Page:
A touchy hillside, narrow beach and limited access were a few of the problems solved in creating the perfect retreat.

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SO THERE’S THIS SLOPE. It’s exceedingly steep. Every once in a while, it sends down an uninvited little mudslide. That’s just not safe for your typical building techniques, says the official geotechnical study: You’re going to need a retaining wall. Tall. Long as the lot.

Except there’s this access issue. The building site sits on a remote (and particularly charming) beach on the west side of Camano Island. There is no road in. Residents park in a communal lot and hoof it down a bulkhead path, right outside neighbors’ windows, to their beachfront homes. Best of luck getting heavy equipment and concrete trucks down there.

But there’s this family. Dale Schwarzmiller and Sally Isaiou (plus two out-of-the-nest children in their 20s), whose other home is a 650-square-foot condo in Belltown (“like your own hotel room,” Isaiou says). The Camano Island site they inherited, and its original little cabin, had been in the Schwarzmiller family for three generations. Schwarzmiller’s grandfather and relatives bought more lots, and today, his sisters, aunt and cousins all own homes along the same secluded stretch of beach. Abandoning family-at-this-beach tradition was about as likely as barreling down that skinny path in a wide-load excavator.

Happily, there were options. Dan Nelson of Designs Northwest Architects devises options.

What if they built the home on a steel-frame structure above the ground? On low-profile columns? So those pushy little surface slides would slip right underneath the house? And to hold the house stable, the foundation system could be tied together with deep, wide concrete-grade beams?

Well. That could work.

Did it ever.

So here’s the Saratoga Hill House: a super-engineered, 1,900-square-foot modern marvel (low-maintenance, affordably energy-efficient, clean lines, natural woods, simplicity, ease, light for miles) that stunningly responds to that one particularly steep challenge — and then some:

• Nelson had to work with a 50- to 55-foot envelope depth, shoreline requirements, bulkhead setbacks and smelt-spawning habitat rules. “There are only certain windows of the year to actually build on the beach,” Nelson says. “And since there’s no access by car, we could only drive on the beach during permitted times.” (Building materials were hauled up in a special cart crafted by contractor Mike Waite of Waite Construction, Inc.)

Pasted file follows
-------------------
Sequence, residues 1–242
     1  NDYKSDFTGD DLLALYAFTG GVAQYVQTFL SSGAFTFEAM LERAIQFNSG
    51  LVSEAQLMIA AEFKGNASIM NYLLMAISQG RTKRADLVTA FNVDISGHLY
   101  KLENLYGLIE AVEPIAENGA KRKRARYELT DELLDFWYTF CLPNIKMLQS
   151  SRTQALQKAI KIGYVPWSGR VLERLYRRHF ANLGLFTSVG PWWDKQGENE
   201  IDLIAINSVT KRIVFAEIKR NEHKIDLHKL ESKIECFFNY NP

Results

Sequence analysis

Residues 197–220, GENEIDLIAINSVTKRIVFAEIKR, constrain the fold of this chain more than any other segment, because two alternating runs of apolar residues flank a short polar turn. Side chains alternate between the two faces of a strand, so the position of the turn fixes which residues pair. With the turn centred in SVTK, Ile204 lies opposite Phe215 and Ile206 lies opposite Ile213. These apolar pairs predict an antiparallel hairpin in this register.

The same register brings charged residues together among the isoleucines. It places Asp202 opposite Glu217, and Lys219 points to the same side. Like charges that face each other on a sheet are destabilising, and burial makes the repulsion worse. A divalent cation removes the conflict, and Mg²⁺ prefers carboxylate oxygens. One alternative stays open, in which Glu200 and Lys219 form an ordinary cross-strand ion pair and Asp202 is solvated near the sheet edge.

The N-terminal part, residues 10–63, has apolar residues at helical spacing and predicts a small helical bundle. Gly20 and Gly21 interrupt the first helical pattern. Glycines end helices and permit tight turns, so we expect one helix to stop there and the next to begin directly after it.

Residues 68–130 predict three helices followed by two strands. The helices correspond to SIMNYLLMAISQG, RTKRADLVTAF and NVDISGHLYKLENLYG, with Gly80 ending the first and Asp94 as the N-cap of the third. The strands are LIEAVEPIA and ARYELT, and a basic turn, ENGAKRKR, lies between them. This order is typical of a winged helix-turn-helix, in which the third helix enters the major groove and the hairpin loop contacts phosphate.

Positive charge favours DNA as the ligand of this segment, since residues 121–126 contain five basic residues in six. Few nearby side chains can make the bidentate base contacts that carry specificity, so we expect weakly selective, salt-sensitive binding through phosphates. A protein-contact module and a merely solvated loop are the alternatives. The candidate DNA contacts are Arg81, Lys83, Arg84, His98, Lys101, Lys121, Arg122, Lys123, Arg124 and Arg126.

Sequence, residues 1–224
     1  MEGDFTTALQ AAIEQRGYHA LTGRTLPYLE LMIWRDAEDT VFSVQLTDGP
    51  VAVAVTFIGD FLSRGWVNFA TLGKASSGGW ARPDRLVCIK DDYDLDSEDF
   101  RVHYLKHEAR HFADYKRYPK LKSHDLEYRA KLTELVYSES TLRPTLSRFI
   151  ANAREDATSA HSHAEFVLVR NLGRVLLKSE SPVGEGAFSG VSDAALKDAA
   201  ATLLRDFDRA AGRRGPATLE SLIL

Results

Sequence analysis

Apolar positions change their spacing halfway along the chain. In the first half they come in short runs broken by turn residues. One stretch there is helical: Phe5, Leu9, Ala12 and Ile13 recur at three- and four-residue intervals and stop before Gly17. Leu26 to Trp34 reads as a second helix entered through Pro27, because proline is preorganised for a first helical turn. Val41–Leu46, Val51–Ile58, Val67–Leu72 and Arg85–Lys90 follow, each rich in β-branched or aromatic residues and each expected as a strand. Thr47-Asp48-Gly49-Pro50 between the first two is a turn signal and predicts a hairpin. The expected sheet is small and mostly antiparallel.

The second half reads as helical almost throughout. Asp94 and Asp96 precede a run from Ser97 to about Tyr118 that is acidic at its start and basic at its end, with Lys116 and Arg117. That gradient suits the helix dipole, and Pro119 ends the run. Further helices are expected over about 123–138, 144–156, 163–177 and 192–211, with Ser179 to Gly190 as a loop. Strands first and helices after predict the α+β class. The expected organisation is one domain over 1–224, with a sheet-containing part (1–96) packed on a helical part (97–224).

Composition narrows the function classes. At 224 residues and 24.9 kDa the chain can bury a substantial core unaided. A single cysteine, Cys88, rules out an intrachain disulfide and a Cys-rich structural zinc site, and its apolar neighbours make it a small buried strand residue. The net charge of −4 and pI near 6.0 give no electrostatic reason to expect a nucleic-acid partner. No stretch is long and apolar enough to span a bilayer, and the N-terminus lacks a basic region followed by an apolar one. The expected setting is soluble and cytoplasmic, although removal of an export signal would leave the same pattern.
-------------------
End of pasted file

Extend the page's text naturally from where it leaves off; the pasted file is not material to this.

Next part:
• To keep those supportive steel columns from the drainfield area, and from cutting into the toe of the slope, the northern end of the house is cantilevered above grade. (Bonus: room for a fern garden underneath, as Isaiou is a sales representative for a wholesale nursery and brings home “rescue” plants. “She’s the plant-whisperer,” says Schwarzmiller, who’s in management at a Seattle-based seafood-processing company.)

• Because the site is so tight, even more growing space, in the form of a rooftop garden terrace, lives on the upper level.

• By design, there’s no actual habitable space on the stilted lower level — just the mechanical room (power and utilities posed their own technical issues, Nelson says), plenty of beach/boat storage and expectation-setting stairs up to the entry.

• The east side of the home faces smack into that slippery slope, so more-opaque walls with limited narrow windows give only the best selective views of vegetation.

• To withstand sometimes-harsh coastal weather, the home is clad in metal siding. “We wanted surfaces that could take the beach and living, and that we would not have to paint,” Isaiou says.

Taking in the marine-themed home, soaking up all that light, gazing at Saratoga Passage through all those floor-to-ceiling windows (paddling ducks and elegant blue heron entertain regularly, and the occasional whale sighting triggers a “cousin phone network” up and down the beach), it’s clear the design works brilliantly with the site.

But here’s the thing: It’s not clear at all just how many site hurdles/hillsides that design overcame.

“As we discover limitations, part of our job is to break the news and explain: ‘By the way, we have to build your house on a steel frame,’ ” Nelson says. “It’s like everything you try to design — structures to solve problems. The more challenging, the more interesting architecture evolving out of the restraints.”